Robert here, continuing my series of the directors that shaped the past 10 years. Most of the directors I’ve written about have been either newcomers or have taken their earlier success and continued it into the aughts. Not many have reinvented themselves for this decade. But today’s man did: Gus Van Sant
Number of Films: Six
Modern Masterpieces: Oh who’s to say. I don’t expect this to be echoed but I’m going with Gerry.
Total Disasters: No. Psycho was last decade.
Better than you remember: All three entries in the death trilogy have gotten somewhat of a bad rep.
Awards: Nominated for Best Director for Milk and the Palme D’or for Elephant
Box Office: With over 51 mil, Finding Forrester understandably tops the more experimental fare.
Critical Consensus: With a Rotten Tomatoes score over 90%, Milk understandably tops the more experimental fare.
Favorite Actor: Matt Damon in two movies (even though one was a cameo)
Let’s talk about:
Death. Not that anyone wants to talk about death. But Gus Van Sant directed the “death trilogy” this decade so we don’t have much of a choice. But first we should dispense of Finding Forrester. Forrester is a fine movie but as a part of Van Sant's filmography it's mostly a leftover from the late 90's. Mostly it suggested that Van Sant was headed toward prestige picture hell, destined for a career in predictable Oscar-bait despite his early art house hits. Luckily for all of us, Van Sant quickly decided it was time to turn a corner. Van Sant’s desired a return to the simplicity of film making (both financially and narratively). Naturally, it lead him to minimalism.
When taken separately, the films that make up the "death trilogy", Gerry, Elephant and Last Days are unique, ponderous and fascinating movies. When taken together as a trilogy, you’ll find even more layers. Remember those basic conflicts you learned in school? Man vs. nature, man vs. man, man vs. himself? Well Van Sant presents us with minimalist, unbiased death in three ways: lost in the desert, at the hands of murderers and suicide. Nature, man, himself; Gerry, Elephant, Last Days. And what does it mean? It all fits in perfectly with Van Sant’s career-long exploration of youths out of place in the world. We watch them wander and die… too young. But if they’d lived full lives would they have ever done more than wander and die?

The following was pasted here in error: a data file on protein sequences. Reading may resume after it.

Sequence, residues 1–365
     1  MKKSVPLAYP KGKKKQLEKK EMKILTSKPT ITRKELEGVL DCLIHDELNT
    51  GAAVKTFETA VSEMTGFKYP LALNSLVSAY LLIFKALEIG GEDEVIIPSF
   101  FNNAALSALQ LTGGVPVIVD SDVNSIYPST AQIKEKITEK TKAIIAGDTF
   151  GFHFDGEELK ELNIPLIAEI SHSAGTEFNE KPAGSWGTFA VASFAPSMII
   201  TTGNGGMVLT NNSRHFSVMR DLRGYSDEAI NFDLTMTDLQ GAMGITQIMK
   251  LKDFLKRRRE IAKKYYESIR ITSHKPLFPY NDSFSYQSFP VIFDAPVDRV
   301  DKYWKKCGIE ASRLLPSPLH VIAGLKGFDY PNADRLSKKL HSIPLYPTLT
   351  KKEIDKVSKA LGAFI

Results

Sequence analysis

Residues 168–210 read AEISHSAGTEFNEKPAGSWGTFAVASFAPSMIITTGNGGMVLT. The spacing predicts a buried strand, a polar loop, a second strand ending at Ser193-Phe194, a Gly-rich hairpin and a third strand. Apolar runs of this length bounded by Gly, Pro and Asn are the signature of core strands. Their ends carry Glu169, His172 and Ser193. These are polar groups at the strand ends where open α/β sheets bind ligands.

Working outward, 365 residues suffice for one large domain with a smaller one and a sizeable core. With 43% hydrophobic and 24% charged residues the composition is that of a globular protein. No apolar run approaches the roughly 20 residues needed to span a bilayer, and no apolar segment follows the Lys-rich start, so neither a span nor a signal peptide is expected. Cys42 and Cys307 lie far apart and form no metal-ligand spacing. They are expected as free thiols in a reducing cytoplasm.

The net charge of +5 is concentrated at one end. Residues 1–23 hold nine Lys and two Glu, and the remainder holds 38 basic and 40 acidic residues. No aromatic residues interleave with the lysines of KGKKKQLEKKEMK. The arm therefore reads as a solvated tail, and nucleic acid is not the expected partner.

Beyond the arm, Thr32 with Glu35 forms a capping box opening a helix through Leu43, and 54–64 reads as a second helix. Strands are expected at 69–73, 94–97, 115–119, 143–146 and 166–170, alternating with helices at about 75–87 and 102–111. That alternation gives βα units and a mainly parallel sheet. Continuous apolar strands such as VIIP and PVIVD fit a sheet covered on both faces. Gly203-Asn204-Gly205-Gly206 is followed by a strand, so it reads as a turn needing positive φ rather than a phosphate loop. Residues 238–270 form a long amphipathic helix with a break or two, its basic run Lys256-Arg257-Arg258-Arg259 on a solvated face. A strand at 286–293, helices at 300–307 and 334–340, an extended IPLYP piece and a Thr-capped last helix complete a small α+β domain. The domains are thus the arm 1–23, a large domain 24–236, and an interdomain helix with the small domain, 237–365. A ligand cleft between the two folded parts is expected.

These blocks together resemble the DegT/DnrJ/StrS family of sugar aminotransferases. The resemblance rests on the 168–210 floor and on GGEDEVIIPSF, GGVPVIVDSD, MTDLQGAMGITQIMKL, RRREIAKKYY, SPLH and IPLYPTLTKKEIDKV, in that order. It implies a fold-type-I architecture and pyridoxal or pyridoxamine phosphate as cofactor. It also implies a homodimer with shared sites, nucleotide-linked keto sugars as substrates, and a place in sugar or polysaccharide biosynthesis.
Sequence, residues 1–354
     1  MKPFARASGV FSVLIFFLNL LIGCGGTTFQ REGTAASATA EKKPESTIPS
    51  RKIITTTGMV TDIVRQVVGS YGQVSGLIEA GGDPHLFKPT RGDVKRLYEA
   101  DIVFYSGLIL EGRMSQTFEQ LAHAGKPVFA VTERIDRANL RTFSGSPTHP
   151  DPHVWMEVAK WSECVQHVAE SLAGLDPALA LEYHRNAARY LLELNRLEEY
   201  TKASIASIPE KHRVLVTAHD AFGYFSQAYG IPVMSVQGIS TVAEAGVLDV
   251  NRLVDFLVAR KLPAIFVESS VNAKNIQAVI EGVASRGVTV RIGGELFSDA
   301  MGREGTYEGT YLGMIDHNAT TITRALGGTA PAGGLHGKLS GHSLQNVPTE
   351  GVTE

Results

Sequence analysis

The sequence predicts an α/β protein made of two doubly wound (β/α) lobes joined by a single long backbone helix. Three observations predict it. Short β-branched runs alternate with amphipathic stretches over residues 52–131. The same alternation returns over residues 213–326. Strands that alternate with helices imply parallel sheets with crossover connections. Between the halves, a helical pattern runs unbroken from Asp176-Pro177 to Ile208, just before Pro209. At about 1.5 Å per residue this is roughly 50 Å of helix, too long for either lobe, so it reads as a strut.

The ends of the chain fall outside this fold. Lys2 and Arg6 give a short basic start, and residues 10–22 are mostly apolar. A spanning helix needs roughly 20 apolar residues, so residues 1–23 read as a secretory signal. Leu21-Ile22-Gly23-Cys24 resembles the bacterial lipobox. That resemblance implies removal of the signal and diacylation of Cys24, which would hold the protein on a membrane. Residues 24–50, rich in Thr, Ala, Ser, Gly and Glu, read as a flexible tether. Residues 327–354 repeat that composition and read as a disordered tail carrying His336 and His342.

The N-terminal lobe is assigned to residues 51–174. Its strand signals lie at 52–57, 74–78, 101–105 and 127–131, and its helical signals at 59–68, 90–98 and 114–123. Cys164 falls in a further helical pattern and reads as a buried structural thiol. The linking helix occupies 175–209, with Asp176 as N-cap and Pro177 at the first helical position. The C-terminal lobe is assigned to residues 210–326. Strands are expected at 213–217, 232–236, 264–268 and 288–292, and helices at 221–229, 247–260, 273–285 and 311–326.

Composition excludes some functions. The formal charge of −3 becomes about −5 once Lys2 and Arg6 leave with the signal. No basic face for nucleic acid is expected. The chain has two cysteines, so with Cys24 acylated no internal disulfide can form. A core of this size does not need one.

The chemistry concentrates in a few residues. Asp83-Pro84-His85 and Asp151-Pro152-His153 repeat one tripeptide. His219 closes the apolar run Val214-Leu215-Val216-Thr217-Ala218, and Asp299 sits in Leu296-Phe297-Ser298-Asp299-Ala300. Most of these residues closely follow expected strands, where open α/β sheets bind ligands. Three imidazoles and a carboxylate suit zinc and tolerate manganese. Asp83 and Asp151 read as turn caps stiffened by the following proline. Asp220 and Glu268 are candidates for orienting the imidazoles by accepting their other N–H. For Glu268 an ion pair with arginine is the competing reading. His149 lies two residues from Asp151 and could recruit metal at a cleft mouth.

Gus Van SantHowever, the trilogy isn’t just a thematic statement. Van Sant is making a cinematic statement about amount of context needed to frame these characters and their lives (and deaths). There’s little in the form of written scripts here. Yet where there’s no text there’s usually plenty of subtext. Van Sant is demonstrating that the camera, lighting and aesthetics can tell us all we need to know about the characters’ lives in order to contextualize their deaths. And he credits the work of John Cassavetes and Bela Tarr with bringing him to this new understanding.
Now we’re up to Paranoid Park, a film that shares much in common with the preceding three but also has a more direct narrative. It continues Van Sant’s interest in the young and death plays a big role indeed, but there may be something else going on. Some have suggested that the film is a metaphor for a young man’s first gay experience (an interpretation that Van Sant has not rejected). But more so it seems to encompass the entirety of the confusion, ambivalence and guilt that comes with being a teenager.
And after all that we come to T.S. Eliot. "the end of all our exploring will be to arrive where we started and know the place for the first time.” Gus Van Sant returned to prestige pictures with Milk and his time spent wandering in the desert, studying at school and channeling his inner conflict allowed him to create one of the most thoughtful, honest biopics of the current biopic craze. And chances are Van Sant’s films will continue to benefit from the experiences he gained by returning to indie-dom in the aughts. His next (as yet untitled) film is described on IMDb with one sentence “A tale of a two young people who share a preoccupation with mortality.” Fantastic, where do I buy my ticket?